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How to Improve your Speaking Beyond C2

C2 is often seen as the pinnacle of language learning. It is the highest level on the CEFR and by this level, you are able to do pretty much anything you want to in English. However, as any C2-level speaker knows, this doesn’t mean that you are perfect or that you know everything. It’s up to the individual to decide whether going beyond C2 is important. If you live in a non-English speaking country, C2 may well be enough to open doors and new possibilities. However, if you live in the UK or another place where English is the main language, you may get fed up with being asked where you are from all the time. And, of course, there is also personal satisfaction to be taken into account. Do you aspire to read Jane Austen’s novels in English or to take part on complex, formal discussions? If so, you may need to stretch yourself beyond C2. In this post, I’m going to talk about five areas that many C2-level English speakers could still improve on and share some tips on how you can make progress with these.


Idiomatic and colloquial Language A great deal of natural spoken language makes use of idiomatic and colloquial phrases and not knowing these can mark you out as a non-native speaker. Being familiar with these phrases is closely connected to being familiar with the culture and thinking of the native speakers, and of course colloquial language is also regional rather than being the same everywhere. A great way to pick up more idiomatic and colloquial language is through reading contemporary novels. You don’t need anything too sophisticated here, think about crime novels, romance stories or even teen fiction for older teens. Fillers and other noises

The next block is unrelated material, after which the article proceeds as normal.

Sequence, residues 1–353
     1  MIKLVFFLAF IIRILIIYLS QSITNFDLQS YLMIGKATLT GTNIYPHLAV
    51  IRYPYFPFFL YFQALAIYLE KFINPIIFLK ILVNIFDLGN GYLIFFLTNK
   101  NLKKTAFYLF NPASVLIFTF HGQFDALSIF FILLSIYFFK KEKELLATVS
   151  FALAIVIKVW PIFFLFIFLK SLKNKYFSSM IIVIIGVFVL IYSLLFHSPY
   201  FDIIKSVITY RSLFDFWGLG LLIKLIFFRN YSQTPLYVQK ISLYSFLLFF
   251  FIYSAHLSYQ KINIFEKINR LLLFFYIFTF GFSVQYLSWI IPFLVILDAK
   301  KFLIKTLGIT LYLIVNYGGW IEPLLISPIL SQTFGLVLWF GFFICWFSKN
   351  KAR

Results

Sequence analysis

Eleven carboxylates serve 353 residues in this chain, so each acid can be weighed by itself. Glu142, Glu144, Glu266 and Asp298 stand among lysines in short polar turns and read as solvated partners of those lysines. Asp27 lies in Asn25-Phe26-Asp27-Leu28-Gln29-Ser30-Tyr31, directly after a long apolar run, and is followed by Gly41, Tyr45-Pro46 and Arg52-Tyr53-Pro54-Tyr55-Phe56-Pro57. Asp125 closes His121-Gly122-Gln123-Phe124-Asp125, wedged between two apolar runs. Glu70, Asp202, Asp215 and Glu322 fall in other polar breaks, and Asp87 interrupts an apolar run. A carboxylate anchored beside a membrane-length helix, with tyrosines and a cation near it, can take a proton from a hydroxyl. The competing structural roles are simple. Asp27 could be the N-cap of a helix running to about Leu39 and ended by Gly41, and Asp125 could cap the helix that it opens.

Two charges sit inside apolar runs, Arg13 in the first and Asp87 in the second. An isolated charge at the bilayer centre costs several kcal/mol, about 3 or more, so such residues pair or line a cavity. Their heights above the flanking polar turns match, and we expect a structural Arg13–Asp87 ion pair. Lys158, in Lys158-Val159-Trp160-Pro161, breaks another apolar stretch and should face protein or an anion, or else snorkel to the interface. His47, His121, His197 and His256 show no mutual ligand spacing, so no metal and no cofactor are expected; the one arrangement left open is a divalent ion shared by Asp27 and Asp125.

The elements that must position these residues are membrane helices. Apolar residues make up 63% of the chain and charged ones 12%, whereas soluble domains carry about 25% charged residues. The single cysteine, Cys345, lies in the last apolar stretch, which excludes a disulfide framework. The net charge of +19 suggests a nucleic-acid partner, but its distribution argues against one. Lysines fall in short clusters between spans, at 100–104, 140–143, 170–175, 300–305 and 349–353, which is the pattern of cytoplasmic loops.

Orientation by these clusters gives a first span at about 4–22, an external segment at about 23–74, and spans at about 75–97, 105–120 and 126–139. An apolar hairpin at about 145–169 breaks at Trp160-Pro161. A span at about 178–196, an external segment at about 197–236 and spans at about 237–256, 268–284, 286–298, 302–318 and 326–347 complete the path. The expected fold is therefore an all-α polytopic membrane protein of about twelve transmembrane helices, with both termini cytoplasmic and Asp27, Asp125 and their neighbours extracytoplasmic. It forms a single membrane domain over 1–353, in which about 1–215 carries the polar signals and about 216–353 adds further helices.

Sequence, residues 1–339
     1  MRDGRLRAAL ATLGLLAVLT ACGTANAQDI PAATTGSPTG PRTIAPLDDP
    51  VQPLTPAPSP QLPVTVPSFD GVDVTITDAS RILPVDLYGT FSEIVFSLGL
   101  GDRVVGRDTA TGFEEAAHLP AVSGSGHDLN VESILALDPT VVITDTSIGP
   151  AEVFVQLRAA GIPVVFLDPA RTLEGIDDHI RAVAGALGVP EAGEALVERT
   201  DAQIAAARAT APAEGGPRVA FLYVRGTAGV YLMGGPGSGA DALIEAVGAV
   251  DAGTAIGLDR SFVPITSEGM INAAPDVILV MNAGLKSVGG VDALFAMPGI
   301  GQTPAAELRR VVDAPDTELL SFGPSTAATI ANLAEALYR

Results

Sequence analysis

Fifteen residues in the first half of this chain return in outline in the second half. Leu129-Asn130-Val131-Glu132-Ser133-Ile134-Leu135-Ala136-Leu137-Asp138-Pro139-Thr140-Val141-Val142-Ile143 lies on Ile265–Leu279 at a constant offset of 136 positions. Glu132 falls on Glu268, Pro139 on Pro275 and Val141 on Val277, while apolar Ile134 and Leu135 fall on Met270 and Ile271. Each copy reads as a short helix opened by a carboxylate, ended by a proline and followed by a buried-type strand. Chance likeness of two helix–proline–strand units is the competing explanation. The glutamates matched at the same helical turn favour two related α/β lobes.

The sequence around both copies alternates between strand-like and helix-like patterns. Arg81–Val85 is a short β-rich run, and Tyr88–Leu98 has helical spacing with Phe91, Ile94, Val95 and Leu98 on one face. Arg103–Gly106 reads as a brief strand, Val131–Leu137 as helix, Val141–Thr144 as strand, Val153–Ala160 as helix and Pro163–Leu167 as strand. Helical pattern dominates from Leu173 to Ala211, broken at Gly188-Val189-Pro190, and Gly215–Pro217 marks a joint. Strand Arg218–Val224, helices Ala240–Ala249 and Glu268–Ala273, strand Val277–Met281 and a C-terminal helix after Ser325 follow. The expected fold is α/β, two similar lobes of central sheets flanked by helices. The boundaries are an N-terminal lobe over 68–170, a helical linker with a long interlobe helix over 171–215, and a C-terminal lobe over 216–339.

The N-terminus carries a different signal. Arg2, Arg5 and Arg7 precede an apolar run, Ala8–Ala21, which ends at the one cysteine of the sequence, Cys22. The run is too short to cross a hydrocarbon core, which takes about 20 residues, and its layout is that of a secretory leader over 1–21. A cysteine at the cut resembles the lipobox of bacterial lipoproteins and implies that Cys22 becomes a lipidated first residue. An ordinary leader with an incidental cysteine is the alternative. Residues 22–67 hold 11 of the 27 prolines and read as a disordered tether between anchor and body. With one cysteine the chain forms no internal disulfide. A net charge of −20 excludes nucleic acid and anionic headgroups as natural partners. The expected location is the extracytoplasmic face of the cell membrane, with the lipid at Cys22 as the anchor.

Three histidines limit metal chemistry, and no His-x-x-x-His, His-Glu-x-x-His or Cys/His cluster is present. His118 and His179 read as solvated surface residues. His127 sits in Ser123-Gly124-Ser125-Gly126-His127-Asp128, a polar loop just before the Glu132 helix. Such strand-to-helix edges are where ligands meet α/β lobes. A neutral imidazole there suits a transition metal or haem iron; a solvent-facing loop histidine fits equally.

Different languages use different sounds to express things like surprise or pain. For example, in the UK we usually say ‘ow!’ for pain whereas in Israel it’s ‘aya!’. In addition, people from different countries may or may not use vocal noises to show that they are listening. English listeners tend to be very noisy with ‘mmm’, ‘aha’, and even phrases like ‘I see’ being used to show that we are paying attention. A good way to expose yourself to what native speakers are doing is through listening to natural conversations in English through podcasts and radio interviews or, even better, by taking part in conversations with native speakers and observing what they do. Contractions It’s very rare to find a non-native speaker who uses contractions to the extent that native speakers do. Again, this is an area that can make your speaking sound a little unnatural and formal. Phrases that use contractions such as ‘I’ll have seen him by them’ and ‘I’d never have thought of that’ are well worth practising! You can also pay attention to sections that you don’t understand in TED talks and YouTube videos – was the cause of not understanding the speaker’s use of contractions? Register Register is a very difficult area to get right and most English learners, unless they have spent time in an English-speaking environment, will tend to use more formal language. Being able to move from one register to another depending on the situation requires considerable familiarity with the culture. TV shows can help here (the difference between a formal TV debate and interviews with members of the public, for example) and a skilled teacher can help you become more sensitive to different situations and which register would be most suitable. Pronunciation If you are determined to become as native-speaker like as possible, you will need to work on your pronunciation. This is always an area that I feel most closely connects with the psychology of how we see ourselves as non-native speakers as it is the biggest clue to a listener that we are ‘a foreigner’. The extent to which this matters is completely personal and up to the individual. The CPE criteria for pronunciation ask that you are intelligible and that you can use features of English pronunciation such as stress to help you convey your meaning. In other words, at C2 you are not expected to have native-speaker like pronunciation. However, if you live abroad or if you work with native speakers, you may get annoyed when you are constantly quizzed on your origins! Completely eliminating your accent is a big challenge that requires a considerable amount of time and practice (and quite possibly the aid of an accent reduction coach), but it can be done. Watch a video about this.

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